And when religious fundamentalists add a preparedness to incarcerate women, mutilate genitals, amputate hands, murder, bomb and terrorize – all in the name of faith- then religious morality becomes not just irrelevant but dangerous.

Little disheartened, the book may be read in passing, as an additional perspective, but doesn’t add much value as a solo reading…

Without Feathers

Posted: January 12, 2017 in Books

I’m not afraid of death; I just don’t want to be there when it happens.

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The book is as funny as any of Woody Allen’s movies, Its a compilation of his two plays ‘God’ and ‘Death’ and many small excerpts from stories/ thoughts on miscellaneous things.

Movies are way better to be watched than reading Woody Allen. The stoic face with serious sarcasm even in his body language is much more fun. The plays are good and take away most of the book.

A very quick read to lighten up your mood.

What if the worst is true? What if there’s no God, and you only go around once, and that’s it? Don’t you want to be a part of the experience? You know, what the hell? It’s not all a drag, and I’m thinking to myself: Geez! I should stop ruining my life searching for answers I’m never gonna get and just enjoy it while it lasts. And, you know, after–who knows? Maybe there is something, nobody really knows. I know that maybe is a very slim reed to hang your whole life on, but that’s the best we have.
― Woody Allen

Khairlanji : A Strange and Bitter Crop

Posted: January 7, 2017 in Books

Caste, in essence, is an individualistic attitude that constantly seeks to assert superiority.

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Strange Fruit
Southern trees bear a strange fruit,
Blood on the leaves and blood at the root,
Black body swinging in the Southern breeze,
Strange fruit hanging from the poplar trees.

Pastoral scene of the gallant South,
The bulging eyes and the twisted mouth,
Scent of magnolia sweet and fresh,
And the sudden smell of burning flesh !

Here is a fruit for the crows to pluck,
For the rain to gather, for the wind to suck,
For the sun to rot, for a tree to drop,
Here is a strange and bitter crop.
-Abel Meeropol

An infamous incident where a mother and her three children were raped and lynched, made a small place – Khiarlanji in Maharashtra known to the world, for all the wrong reasons..
The family, Bhotmange, was a dalit family living in a Hindu majority… Bhotmanges were independent, devoid of electricity and a pukka home, still surviving despite obstacles… The Bhotmanges were most educated and progressive among the entire village.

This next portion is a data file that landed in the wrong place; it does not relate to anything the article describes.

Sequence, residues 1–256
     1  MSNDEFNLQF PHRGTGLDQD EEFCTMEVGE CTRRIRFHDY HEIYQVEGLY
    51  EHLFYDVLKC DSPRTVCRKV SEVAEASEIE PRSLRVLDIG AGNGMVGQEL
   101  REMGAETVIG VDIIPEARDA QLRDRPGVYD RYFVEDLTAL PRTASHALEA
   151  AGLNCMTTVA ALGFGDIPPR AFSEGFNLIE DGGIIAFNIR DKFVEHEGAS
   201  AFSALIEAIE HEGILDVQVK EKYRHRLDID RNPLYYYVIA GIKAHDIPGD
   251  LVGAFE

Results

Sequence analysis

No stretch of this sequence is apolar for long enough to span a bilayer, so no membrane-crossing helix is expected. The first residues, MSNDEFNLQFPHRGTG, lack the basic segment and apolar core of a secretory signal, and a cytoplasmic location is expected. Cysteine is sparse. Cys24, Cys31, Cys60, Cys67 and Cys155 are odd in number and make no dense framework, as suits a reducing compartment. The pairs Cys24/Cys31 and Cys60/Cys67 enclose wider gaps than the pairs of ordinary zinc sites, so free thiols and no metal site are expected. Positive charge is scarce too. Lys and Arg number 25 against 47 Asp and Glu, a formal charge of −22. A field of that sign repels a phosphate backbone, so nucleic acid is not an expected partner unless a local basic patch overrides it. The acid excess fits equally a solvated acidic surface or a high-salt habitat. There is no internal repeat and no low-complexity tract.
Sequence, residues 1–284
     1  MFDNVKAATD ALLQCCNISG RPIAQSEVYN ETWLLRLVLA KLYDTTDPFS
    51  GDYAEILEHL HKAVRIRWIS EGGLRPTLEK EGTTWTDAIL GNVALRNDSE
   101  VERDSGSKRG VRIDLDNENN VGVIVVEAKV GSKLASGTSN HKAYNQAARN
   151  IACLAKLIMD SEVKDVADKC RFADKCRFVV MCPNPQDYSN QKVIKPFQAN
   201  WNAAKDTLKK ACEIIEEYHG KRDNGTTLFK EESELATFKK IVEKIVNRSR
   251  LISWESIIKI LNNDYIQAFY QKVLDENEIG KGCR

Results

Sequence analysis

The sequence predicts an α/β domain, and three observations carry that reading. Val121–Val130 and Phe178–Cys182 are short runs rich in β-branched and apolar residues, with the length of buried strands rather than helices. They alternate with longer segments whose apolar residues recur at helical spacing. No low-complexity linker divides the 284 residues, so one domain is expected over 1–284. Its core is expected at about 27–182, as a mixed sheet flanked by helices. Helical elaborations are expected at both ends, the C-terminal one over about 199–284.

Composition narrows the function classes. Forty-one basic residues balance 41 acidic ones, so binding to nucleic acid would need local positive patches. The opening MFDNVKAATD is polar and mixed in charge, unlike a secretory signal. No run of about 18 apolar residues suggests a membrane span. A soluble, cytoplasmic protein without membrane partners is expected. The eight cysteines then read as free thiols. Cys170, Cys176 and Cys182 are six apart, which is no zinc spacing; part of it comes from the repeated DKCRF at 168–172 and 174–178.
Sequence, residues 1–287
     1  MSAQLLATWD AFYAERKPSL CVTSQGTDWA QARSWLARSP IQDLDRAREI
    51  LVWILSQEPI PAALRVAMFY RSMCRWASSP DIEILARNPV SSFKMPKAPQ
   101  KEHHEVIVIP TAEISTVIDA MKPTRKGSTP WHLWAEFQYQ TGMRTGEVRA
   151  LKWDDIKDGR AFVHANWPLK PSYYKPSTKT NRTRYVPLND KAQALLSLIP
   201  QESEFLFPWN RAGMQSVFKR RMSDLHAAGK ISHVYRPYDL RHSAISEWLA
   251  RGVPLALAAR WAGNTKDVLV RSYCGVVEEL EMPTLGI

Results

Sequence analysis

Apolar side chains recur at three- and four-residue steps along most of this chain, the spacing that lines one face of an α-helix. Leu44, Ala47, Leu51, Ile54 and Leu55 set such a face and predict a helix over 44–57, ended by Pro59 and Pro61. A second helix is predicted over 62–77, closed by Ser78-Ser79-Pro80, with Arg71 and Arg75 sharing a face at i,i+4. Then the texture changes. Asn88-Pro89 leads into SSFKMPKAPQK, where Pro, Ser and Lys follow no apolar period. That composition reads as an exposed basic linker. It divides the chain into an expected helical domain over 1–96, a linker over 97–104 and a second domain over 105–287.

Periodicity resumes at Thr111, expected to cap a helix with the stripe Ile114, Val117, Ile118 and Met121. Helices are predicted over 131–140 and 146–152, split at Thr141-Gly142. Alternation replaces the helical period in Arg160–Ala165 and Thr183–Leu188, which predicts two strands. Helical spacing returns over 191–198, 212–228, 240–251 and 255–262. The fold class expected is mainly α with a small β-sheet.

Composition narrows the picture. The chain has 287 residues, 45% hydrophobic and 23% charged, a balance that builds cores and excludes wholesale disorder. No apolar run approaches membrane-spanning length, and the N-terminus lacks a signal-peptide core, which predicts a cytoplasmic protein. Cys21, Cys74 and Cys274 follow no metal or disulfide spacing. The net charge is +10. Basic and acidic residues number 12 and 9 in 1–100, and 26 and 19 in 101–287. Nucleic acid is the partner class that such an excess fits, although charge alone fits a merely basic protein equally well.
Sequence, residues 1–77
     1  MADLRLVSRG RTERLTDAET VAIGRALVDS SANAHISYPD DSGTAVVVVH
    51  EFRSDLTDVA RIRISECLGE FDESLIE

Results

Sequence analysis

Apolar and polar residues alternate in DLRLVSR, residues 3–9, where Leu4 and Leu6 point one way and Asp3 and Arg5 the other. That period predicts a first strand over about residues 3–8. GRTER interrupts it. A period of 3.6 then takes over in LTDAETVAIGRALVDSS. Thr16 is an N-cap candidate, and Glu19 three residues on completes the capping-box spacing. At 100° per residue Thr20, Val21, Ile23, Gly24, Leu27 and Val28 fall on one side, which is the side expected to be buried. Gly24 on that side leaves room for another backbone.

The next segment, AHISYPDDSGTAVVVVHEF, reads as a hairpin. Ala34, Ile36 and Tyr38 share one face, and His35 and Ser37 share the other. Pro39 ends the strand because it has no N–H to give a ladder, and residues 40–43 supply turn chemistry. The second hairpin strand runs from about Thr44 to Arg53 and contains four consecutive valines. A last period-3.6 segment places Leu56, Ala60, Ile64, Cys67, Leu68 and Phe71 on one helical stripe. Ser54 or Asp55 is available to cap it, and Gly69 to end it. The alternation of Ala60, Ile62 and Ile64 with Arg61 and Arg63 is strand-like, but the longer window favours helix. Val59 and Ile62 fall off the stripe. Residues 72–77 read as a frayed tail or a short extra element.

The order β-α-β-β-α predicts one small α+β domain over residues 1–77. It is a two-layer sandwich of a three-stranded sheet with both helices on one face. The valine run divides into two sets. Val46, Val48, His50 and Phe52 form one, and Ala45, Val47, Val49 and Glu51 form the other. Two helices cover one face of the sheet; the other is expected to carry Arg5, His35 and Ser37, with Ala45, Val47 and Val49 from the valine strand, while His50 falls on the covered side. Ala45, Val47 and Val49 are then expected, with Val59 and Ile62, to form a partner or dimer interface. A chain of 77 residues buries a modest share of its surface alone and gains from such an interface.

The book written by Anand Teltumbde starts with the factual description of the Khairlanji incident which happened on September 29, 2006 and continues to help us understand the social, political and judiciary roles in cornering the dalits to maintain the Hindu supremacy.

Among many things, insight to the various myths like capitalism could have eradicated casteism in India like it did in Europe; having more presence in the state machinery would help dalits in getting their basic rights; were the best take aways for me.

Books like these have to be read, to be aware and to sensitize..
Incidents like Khairlanji which led to country wide Dalit protests for months ; and the recent one where four Dalits were beaten by the Gau-rakshaks and in response, they pledged to stop picking up cow carcasses.. have to be talked about, spread across ,carried on till strict action is taken against the guilty.

We cannot allow Khairlanji to remain an unfortunate incident, an aberration, a forgotten case in some obscure court. The world needs to know the strange fruit that the tree of caste has borne…

So we must not refer a history of sexuality to the agency of sex; but rather show how “sex” is historically subordinate to sexuality. We must not place sex on the side of reality, and sexuality on that of confused ideas and illusions; sexuality is a very real historical formation; it is what gave rise to the notion of sex, as a speculative element necessary to its operation.